Debunking the ‘fairy tales’ about tort laws
Published 12:00 am Friday, May 24, 2002
The war of words has begun. As another legislative session looms, the issue of tort reform in Mississippi has popped up again.
It seems as though each year prior to a new Legislature, modifying the state’s civil justice laws becomes a huge battleground.
With massive amounts of money at the heart of the debate, the stakes are enormous. Money abounds on both sides of the issue.
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The latest volley occurred Wednesday as members of the Mississippi Trial Lawyers Association spoke to a join legislative committee. The purpose of the meeting was to discuss the state’s insurance industry and the rising costs of insurance in the state.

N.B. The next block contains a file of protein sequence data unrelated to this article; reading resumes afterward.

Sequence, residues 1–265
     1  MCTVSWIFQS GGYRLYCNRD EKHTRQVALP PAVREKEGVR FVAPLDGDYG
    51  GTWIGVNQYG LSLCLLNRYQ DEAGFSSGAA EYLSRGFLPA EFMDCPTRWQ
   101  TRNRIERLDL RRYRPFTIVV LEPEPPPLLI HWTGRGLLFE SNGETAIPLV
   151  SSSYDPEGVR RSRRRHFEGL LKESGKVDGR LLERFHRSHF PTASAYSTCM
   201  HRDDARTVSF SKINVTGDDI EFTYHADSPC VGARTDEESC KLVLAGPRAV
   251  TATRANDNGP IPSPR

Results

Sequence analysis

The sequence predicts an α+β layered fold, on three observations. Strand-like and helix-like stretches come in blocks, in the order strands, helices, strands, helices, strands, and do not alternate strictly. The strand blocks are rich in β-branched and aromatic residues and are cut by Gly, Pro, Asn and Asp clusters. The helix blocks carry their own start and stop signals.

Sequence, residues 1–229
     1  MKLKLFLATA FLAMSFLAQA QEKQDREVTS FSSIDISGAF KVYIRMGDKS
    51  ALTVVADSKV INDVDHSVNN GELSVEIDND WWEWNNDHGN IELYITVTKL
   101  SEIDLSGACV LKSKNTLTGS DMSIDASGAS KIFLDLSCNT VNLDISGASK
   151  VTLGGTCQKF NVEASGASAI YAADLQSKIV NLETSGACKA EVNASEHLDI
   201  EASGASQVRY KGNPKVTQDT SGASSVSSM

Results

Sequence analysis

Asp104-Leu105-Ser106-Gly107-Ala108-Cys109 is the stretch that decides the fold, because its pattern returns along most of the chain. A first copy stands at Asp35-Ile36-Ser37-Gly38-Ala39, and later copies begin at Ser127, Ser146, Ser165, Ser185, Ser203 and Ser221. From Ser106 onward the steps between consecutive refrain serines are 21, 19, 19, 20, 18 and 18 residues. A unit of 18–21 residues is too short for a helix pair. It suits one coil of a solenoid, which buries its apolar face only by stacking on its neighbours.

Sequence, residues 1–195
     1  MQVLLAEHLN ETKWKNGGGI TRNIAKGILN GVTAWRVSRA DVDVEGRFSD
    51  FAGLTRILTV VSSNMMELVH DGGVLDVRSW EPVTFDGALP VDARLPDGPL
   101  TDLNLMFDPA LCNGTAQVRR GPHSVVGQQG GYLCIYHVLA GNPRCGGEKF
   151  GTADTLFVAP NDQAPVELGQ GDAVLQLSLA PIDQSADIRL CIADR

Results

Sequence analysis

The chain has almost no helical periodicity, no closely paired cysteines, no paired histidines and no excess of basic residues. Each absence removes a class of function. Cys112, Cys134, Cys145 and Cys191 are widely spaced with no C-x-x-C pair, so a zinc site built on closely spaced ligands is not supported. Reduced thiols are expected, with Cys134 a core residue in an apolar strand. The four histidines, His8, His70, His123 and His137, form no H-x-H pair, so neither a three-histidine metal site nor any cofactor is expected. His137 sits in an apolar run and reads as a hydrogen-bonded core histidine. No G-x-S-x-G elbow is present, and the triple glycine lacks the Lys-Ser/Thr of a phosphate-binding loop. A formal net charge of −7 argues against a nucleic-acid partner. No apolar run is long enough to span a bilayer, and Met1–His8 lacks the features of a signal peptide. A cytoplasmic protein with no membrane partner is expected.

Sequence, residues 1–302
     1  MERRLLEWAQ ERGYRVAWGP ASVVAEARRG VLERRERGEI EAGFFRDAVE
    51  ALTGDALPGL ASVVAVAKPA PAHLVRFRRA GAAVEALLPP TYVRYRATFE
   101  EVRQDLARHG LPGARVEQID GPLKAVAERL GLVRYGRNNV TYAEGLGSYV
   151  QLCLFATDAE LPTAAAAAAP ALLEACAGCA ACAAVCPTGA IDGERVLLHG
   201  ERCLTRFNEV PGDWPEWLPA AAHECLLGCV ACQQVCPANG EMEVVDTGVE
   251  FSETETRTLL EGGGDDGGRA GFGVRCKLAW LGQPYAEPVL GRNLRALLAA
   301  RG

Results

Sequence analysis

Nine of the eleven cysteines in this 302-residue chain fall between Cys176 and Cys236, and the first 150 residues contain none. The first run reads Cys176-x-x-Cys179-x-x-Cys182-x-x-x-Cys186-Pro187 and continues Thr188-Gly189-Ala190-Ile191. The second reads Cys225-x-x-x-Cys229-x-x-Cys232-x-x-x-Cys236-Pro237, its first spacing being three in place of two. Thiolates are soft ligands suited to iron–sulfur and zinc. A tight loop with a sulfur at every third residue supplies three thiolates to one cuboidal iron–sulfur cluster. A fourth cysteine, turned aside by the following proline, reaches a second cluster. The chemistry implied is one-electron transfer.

Of course, the attorneys’ group denied all responsibility for the matter. Lance L. Stevens, a past president of the group, said rising premiums should not be blamed on lawyers.
Instead Stevens said the idea that Mississippi’s legal system needs reform is really caused by a perception issue, created by the media and “fairy tales and anecdotes.”
Fairy tales? Perhaps.
But the reality is more like a horror film. One has to look no further than our neighbor, Jefferson County. The county has developed a reputation as being a great place to earn incredibly large settlements.
And the reputation is nationwide.
“Involved in a lawsuit?” attorneys ask. “Bring it down to Jefferson County, and we’ll get you the cash you deserve.”
Regardless of what the trial lawyers may call it, that situation isn’t a fairy tale. It is reality.
And it is a reality in which everyone does not live happily ever after&160;- unless you’re an attorney or a client.
Tort reform is necessary, and it will save our state – and its residents – money. And that’s no fairy tale either.